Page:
Legal fundamentals for the design of contract farming ... Word... · the absence of strong legal systems…

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    Legal fundamentals for the design of contract farming agreements1

    One of the main challenges to successful contract farming in a number of developing countries is the absence of strong legal systems that guarantee an adequate protection to the parties in their contractual relations. The general principles of contract law discussed in this brief, applicable to international commercial contracts, may serve as a model to help overcome this difficulty.

    Purpose The purpose of this brief is to highlight the main legal elements and principles to be considered in the design of farming contracts which are instruments that regulate contract farming operations. The legal elements and principles presented below are applicable to different national systems and may be employed in the contract when the parties have not chosen any specific law to govern it. This brief is a complement of other publications available on the FAO contract farming website (http://www.fao.org/ag/ags/contract-farming/en/). Contract farming - definition Contract farming can be defined as agricultural production carried out according to an agreement between a buyer and farmers, which establishes conditions for the production and marketing of a farm product or products. Typically, the farmer agrees to provide agreed quantities of a specific agricultural product. These should meet the quality standards of the purchaser and be supplied at the time determined by the purchaser. In turn, the buyer commits to purchase the product and, in some cases, to support production through, for example, the supply of farm inputs, land preparation and the provision of technical advice.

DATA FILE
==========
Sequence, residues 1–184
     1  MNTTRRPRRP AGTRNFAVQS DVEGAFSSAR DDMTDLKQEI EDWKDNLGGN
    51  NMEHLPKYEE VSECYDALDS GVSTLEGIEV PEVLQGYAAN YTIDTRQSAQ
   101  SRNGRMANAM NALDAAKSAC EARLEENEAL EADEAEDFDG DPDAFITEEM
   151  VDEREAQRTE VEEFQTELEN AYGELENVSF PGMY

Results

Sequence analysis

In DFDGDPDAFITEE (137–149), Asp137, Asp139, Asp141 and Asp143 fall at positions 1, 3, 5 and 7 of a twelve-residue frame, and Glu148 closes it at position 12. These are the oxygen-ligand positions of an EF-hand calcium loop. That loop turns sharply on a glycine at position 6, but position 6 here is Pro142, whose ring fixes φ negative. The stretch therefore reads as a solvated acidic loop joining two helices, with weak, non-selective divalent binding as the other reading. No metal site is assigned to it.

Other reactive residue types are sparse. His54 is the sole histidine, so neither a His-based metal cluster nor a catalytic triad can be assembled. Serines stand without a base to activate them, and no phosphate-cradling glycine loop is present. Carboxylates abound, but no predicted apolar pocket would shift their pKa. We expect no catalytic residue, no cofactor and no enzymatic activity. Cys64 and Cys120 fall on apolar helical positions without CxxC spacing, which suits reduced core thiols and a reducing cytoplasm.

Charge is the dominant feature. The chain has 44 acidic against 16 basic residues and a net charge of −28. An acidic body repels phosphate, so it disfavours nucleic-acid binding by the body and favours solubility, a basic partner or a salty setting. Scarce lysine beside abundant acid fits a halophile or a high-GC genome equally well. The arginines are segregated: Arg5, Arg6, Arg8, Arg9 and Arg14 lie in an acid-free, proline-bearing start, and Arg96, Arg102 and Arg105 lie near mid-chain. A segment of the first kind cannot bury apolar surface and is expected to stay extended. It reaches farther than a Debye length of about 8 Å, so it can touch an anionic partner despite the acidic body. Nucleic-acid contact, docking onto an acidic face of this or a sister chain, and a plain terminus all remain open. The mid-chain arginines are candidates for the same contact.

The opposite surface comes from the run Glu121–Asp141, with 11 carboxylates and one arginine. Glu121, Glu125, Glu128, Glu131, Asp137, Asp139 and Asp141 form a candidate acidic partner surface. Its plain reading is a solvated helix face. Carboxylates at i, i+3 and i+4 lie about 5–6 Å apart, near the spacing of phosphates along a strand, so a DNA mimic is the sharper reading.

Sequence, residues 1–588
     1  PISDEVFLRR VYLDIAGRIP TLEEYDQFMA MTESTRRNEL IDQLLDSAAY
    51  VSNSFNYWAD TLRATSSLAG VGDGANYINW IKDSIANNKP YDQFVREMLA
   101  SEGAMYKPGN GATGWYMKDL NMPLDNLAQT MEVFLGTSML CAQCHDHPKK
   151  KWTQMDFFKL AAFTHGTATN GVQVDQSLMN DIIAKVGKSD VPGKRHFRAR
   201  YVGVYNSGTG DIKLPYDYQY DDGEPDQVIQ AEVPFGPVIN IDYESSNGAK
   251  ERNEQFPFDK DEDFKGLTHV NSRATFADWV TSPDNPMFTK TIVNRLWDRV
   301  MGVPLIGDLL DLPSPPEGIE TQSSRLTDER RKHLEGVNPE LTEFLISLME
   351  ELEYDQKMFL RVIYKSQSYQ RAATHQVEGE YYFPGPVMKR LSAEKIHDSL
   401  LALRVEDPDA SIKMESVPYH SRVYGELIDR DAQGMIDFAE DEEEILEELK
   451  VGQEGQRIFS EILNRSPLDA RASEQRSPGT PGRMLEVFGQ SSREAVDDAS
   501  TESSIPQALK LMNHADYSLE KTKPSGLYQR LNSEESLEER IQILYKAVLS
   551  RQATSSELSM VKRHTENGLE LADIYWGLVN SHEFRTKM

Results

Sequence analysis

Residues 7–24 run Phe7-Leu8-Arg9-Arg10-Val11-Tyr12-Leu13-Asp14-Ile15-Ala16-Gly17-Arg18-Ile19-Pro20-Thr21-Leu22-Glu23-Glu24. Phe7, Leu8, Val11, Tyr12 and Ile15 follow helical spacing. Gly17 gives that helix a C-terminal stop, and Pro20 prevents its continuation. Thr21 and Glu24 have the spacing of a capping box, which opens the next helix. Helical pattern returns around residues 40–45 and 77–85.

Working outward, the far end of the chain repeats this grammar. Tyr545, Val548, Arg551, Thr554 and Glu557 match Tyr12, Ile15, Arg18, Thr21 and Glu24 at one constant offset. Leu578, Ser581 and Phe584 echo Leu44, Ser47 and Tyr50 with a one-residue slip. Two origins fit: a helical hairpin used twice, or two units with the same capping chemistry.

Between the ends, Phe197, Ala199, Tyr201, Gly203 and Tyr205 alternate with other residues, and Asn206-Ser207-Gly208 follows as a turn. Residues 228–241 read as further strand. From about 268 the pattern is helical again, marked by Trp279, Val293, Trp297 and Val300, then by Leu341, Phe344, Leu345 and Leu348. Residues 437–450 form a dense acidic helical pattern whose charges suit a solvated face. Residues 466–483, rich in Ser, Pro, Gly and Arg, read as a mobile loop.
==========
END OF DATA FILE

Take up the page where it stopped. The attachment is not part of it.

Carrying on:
Legal elements to be considered To be valid and enforceable, all contracts, including farming contracts, should comply with five necessary legal elements. The first legal element for a valid farming contract is the meeting of the minds of farmer and buyer, i.e. the situation where farmers and buyers have a common understanding in the formation of the contract in the sense that they agree to the same matter and in the same sense. This must be based on an offer to contract from a party (i.e. the buyer) and the acceptance of the other (i.e. the farmer). Secondly, farmer and buyer consent must be free, i.e. it should not be obtained by coercion, under influence, fraud or mistake. In addition, for a valid farming contract farmer and buyer should have the capacity to contract, i.e. the ability, recognized by law, to assume obligations and enter into contracts (for example minors or people who are mentally incapacitated do not usually have the capacity to form contracts). Such agreement should be made for a licit good or service which constitutes the obligation of farmer and buyer, such as the sale of a designated crop by the farmer and the payment of money by the buyer. This is the object of the contract and the 4

    th element to be